For many participants, this was the tip of the iceberg. Realizing just how little they knew about the criminal legal system, participants committed to learning more. As one viewer who works in a local prosecutor’s office noted: “Even if you think you know everything about our judicial system, you are in for a rude (and necessary) awakening. This show should be required watching.”

Most frequently, participants indicated that they planned to learn more about their local prosecutor and pay closer attention in the next election. 

Appears to contain quote text by a hispanic male age 18-24 from Dobbs Ferry, NY: I will pay more attention in my local DA race, and help organize prison reform through those efforts.Many participants wanted to understand more about how the system worked in their local community. As a participant from Seattle, Washington indicated: “I had no idea about the bail system. I will find out whether my city has the same system. If so, I will write to elected representatives [about it.]” Another participant from Crossville, Tennessee shared that she “wants to know more about our local probation and parole practices. It seems...many [people] get caught up in violations of their conditions and have to pay a lot of money in fines and fees...I doubt they have the money for those fines.”  

Appears to contain quote text by a white female age 50-64 from Seattle, WA: I had no idea about the bail system. I will find out whether my city has the same system. If so I will write to elected representatives.

A smaller but still sizable group of participants wanted to dig deeper into systemic issues, but noted that they were unsure where to find the needed information. Calling for increased transparency, one participant from Chicago, Illinois, planned to “ask their prosecutor's office to explain their goals in detailed metrics and to report on their progress [towards goals].”  Another participant from Alpharetta, Georgia called on “the media to look at and determine if there is a close connection between bail bond business and political contributions.”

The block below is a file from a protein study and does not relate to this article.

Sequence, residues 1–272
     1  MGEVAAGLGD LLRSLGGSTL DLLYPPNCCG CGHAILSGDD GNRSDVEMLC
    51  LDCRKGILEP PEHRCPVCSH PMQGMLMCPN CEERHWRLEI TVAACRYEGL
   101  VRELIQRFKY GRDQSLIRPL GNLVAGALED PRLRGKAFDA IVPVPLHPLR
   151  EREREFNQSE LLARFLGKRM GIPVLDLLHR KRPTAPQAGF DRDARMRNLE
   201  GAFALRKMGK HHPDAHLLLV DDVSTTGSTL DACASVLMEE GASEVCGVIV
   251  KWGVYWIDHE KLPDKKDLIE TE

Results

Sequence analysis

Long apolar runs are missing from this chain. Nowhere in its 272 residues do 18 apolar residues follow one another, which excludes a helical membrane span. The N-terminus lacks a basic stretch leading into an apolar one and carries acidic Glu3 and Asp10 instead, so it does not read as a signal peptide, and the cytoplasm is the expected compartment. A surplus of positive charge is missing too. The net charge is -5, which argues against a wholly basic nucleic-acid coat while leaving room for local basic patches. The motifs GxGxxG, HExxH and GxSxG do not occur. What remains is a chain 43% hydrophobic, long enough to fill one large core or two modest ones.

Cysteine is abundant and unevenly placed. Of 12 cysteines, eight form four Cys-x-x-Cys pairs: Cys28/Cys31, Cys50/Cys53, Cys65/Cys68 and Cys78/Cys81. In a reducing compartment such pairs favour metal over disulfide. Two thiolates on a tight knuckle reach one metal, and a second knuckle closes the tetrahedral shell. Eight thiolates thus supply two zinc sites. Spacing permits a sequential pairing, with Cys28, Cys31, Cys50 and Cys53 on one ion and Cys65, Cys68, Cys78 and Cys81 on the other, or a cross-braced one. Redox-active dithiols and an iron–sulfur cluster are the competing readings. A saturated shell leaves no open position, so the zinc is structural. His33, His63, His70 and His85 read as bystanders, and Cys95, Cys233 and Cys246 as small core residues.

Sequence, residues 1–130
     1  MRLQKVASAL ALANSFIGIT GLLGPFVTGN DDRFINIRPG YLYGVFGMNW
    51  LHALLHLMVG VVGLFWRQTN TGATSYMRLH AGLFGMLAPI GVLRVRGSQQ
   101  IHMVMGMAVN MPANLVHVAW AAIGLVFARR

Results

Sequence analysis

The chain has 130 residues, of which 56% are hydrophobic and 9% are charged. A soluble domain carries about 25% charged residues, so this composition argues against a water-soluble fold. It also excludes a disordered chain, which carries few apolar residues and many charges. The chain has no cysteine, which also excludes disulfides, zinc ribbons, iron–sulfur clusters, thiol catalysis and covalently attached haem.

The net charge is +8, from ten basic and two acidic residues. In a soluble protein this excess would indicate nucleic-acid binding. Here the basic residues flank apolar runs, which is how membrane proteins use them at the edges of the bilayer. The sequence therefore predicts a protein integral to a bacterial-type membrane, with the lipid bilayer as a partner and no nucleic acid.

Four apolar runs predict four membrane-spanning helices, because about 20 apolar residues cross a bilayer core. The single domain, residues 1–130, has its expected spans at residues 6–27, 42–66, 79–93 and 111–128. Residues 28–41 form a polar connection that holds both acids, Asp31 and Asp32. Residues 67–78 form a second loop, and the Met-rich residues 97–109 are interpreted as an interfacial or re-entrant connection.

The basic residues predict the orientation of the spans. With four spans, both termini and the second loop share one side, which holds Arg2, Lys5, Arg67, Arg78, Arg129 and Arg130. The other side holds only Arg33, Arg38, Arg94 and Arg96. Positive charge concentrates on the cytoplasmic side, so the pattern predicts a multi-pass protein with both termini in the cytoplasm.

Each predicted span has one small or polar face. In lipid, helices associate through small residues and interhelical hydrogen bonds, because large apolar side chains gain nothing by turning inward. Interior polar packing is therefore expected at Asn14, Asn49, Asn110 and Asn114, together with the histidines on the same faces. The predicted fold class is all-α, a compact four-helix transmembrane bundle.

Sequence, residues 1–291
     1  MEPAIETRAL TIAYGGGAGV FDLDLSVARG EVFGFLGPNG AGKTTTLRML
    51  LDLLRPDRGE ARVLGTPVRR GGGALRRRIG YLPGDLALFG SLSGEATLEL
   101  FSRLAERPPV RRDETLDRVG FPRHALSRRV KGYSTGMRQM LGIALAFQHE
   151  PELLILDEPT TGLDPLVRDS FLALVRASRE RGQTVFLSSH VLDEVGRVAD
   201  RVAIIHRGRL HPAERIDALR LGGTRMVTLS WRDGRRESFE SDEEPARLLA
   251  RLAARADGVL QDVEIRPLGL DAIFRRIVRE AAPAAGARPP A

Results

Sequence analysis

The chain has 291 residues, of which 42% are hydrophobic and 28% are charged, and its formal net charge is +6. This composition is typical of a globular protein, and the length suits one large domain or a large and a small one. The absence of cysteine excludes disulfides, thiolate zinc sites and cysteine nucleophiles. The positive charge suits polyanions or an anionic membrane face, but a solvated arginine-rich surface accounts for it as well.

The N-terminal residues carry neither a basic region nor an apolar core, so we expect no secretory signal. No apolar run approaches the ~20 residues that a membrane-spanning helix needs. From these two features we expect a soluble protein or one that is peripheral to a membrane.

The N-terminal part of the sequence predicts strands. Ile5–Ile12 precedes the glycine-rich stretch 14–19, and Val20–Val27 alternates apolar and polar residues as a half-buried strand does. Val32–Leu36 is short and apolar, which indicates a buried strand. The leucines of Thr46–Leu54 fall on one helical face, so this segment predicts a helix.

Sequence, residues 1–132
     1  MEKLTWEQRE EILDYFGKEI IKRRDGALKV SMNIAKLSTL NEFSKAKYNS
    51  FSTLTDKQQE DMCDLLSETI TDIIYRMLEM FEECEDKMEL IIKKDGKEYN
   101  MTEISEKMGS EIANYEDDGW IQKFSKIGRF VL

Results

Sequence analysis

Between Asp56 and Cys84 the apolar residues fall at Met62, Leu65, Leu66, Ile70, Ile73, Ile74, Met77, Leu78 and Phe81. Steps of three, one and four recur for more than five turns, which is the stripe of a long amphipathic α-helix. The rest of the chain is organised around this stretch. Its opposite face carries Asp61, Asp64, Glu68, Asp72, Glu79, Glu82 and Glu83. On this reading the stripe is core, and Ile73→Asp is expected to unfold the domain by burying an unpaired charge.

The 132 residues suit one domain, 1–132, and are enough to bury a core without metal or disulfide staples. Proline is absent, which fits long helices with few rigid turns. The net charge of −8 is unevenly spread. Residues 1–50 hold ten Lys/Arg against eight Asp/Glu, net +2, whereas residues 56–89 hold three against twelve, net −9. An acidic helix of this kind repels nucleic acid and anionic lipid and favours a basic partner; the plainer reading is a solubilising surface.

Appears to contain quote text by a Black male age 65+ from Alpharetta, GA: In states where judges are elected, I will encourage the media to look at and determine if there is a close connection between bail bond businesses and political contributions. Equipped with new knowledge and inspired by the series and discussion, lots of participants outlined new or renewed support for criminal legal reforms. Participants expressed the strongest support for ending cash bail, a focus for the first episode of Philly D.A. Many participants also outlined plans to support police reform.

Still, other participants expressed hesitancy about reforms and called for more information on their impact. As one viewer added, we need to “advocate for reforms that are data-driven and people-focused, not just the way it's always been done or based on the public's perception of what will fix crime.”

As the virtual Philly D.A. discussion continues to unfold and evolve on DocSCALE, two things are already clear:

  1. Community members need resources and support to understand the criminal legal system.

  2. There is a strong appetite for learning about and discussing how to reform the criminal legal system not only from individuals who are already steeped in the issues but also from those who haven’t thought much about them before.


Appears to contain text: Who joined the Philly D.A. discussion on DocScale? With pie charts broken down by gender, race/ethnicity, and age.